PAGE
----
July 12--DECATUR -- Since its first season in 1964, Decatur's Theatre 7 has put on more than 150 productions all over the city, with nearly 1,000 combined shows.The community theater group was the city's first, growing out of the 1960s' "Town and Gown" theater program at Millikin University. It was during one of these shows that the seeds for half a century of community theater were sown.
"I came to Decatur in March of 1962, and that fall Dr. Jere C. Mickel was staging 'Romeo and Juliet' at Millikin," said Orv Graham, a founding Theatre 7 member and former board president. "I met several townspeople there during that show who became Theatre 7's founding members. After rehearsals, we would all go out together, and someone said, 'I wish Dr. Mickel would do some more commercial stuff. How about some Neil Simon; let's have fun!' But the program was mostly the classics, so someone suggested, why don't we start our own group? And that's how Theatre 7 was born."
The group has had its ups and downs, having been embraced by the community with sellouts in the 1970s before suffering periods of famine. But it has never stopped, thanks to the strength of its volunteers, who provided their own funding in the beginning to give the organization the necessary capital to start putting on large-scale shows.
"We didn't have any money in the beginning," Graham recalled. "We needed cash to pay fees for rights and rentals, all kinds of things. So I suggested we do a 'mellerdrammer' called 'Dirty Work at the Crossroads.' We made sets and bushes out of cardboard and did it at an old bar, Bagley's Tavern. It was a big hit, and raised enough money to start planning more major productions."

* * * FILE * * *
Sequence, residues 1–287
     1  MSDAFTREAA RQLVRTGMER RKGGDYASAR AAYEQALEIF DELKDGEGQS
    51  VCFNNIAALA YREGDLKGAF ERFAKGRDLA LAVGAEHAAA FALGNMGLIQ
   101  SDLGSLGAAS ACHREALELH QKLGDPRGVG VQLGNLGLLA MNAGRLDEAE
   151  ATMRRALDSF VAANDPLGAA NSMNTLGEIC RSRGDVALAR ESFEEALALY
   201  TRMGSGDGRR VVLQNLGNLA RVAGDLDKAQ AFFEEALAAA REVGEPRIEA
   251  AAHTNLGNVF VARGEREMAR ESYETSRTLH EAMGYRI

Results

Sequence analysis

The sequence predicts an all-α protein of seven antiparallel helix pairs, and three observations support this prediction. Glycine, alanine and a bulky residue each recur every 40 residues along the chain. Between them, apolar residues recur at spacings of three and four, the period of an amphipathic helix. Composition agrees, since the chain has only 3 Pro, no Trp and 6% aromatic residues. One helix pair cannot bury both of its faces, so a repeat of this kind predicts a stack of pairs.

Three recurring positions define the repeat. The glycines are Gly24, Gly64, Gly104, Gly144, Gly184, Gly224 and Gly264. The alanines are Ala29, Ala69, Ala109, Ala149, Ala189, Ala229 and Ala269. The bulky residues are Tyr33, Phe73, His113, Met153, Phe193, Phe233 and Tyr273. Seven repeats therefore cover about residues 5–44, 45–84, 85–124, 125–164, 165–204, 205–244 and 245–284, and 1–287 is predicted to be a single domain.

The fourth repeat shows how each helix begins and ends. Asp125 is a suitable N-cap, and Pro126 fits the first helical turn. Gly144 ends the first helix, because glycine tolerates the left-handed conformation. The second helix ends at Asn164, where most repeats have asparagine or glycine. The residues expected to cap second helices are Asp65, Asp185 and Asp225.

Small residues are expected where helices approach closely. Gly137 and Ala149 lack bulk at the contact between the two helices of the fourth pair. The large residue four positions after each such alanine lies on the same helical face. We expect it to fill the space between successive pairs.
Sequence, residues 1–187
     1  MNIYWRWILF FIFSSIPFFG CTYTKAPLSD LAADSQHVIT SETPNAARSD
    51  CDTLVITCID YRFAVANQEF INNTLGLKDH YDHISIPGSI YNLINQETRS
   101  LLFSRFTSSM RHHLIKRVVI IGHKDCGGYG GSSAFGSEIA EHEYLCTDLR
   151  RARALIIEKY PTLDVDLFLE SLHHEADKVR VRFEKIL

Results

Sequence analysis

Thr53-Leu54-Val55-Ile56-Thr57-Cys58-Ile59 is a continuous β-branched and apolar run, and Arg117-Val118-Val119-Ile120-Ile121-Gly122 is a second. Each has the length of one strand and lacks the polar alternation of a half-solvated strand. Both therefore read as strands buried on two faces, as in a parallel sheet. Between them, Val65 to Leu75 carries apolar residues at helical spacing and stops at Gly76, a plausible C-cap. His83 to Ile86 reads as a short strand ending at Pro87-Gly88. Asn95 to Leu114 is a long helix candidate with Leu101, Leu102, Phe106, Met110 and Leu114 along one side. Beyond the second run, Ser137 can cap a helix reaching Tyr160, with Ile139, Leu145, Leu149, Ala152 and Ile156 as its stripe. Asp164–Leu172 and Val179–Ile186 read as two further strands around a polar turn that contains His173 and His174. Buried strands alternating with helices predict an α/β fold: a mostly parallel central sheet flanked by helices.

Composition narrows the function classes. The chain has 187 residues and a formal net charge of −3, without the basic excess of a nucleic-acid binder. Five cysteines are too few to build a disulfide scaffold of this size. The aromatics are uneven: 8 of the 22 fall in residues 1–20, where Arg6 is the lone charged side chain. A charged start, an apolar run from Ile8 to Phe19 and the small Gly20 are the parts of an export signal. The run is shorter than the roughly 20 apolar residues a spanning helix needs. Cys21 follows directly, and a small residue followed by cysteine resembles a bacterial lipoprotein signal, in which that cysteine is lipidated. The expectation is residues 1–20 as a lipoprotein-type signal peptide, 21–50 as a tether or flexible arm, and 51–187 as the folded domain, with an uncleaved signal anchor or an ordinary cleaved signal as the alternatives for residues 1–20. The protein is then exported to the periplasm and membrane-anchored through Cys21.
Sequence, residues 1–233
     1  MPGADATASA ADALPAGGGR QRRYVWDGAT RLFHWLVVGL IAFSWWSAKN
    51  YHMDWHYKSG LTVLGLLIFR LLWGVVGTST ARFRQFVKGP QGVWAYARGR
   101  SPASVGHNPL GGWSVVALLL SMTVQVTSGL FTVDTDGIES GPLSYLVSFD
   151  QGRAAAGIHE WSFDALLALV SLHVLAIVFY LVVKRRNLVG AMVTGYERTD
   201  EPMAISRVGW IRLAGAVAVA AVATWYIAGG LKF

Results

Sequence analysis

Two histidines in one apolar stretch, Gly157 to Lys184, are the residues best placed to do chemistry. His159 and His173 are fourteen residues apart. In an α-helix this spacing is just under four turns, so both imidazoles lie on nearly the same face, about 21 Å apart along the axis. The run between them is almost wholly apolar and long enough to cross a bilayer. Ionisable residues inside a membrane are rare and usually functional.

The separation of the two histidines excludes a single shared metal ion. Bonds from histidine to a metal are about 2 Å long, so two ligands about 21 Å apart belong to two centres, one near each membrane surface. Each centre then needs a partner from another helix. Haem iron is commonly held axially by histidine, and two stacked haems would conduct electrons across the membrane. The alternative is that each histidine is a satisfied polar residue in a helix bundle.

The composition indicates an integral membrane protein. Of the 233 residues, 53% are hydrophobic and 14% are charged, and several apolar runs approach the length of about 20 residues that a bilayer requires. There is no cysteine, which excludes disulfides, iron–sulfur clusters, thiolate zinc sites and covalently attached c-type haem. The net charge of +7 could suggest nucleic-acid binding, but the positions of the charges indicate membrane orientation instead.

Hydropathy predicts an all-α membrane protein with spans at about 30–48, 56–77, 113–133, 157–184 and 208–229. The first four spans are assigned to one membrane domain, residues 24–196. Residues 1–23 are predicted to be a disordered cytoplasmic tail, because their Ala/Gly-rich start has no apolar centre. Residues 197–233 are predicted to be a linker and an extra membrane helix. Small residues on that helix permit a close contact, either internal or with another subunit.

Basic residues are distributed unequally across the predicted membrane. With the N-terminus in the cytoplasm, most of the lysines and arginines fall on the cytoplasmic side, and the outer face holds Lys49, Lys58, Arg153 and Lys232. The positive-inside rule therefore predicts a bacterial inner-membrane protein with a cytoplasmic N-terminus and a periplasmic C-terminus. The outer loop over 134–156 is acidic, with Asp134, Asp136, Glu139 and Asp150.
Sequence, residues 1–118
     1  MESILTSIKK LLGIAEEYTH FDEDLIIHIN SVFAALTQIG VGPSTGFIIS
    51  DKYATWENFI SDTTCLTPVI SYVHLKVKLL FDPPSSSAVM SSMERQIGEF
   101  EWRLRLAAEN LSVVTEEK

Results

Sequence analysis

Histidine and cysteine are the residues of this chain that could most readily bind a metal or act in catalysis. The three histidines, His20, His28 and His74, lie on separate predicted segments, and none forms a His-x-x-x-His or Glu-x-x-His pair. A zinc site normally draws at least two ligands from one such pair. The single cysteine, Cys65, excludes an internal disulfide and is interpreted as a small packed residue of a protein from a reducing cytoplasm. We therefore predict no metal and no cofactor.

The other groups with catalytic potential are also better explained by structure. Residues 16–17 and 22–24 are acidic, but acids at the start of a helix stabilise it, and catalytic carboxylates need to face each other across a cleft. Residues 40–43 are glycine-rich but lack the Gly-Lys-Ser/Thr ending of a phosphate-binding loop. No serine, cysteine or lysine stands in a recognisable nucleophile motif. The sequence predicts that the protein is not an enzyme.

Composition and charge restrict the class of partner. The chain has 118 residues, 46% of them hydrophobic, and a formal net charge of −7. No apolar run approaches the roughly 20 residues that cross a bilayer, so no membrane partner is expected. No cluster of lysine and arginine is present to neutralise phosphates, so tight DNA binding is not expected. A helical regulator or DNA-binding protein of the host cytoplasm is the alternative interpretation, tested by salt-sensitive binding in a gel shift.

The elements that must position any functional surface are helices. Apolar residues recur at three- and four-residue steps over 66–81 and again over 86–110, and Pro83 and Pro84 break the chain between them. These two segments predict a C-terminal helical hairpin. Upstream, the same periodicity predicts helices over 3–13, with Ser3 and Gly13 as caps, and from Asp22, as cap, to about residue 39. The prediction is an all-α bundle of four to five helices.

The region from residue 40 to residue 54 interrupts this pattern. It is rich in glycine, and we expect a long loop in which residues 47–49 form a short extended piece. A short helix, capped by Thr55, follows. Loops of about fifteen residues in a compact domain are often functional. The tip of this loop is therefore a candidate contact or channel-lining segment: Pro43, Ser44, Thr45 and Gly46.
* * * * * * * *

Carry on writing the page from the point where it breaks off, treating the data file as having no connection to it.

The first official Theatre 7 production was 1964's "Light Up the Sky," hosted in the organization's first home for shows, the auditorium of Eisenhower High School. Those were heady, chaotic days for the organization, as the volunteers found themselves blown away by the acceptance from audiences. Founding members such as Eileen Ruski remember the early shows as hectic but fun.
"We couldn't afford a building or anything, but the shows were doing really well," she said. "I was acting and working backstage in almost everything. I know I was in the first 'Guys and Dolls' show that we did, and I remember that because I had blue underwear on and when the lights shown on me they showed right through. It was a crazy situation."
The group's founding members soon were joined by other longtime names such as Jody Beyers, Marjorie Sangster, Joe and Sam Straka, Anne Thompson, Bill and Barbara Keagle, Peter Churukian and countless others. Everyone contributed in his own way, from regular actors to skilled artists and builders such as Mark Britton, who did "tons" of set construction for years, similar to the way Steve Trout does today. The organization even brought paid, professional directors on staff from 1969 to 1974, first with Jack Eddleman and then Anne Thompson's eventual husband Bob. Audiences were plentiful in this period, resulting in impressive feats such as selling out the Kirkland Fine Arts Center for "The Sound of Music" in 1973 and "Fiddler on the Roof" in 1974.
"I came in during the later 1970s, right about the time that we started losing money, and it seemed we lost our luster a bit," said Churukian, a historian of sorts for the group. "Attendance was dropping, and we had to adapt. We started straightening and reusing nails then, and learned to be truly frugal for the first time."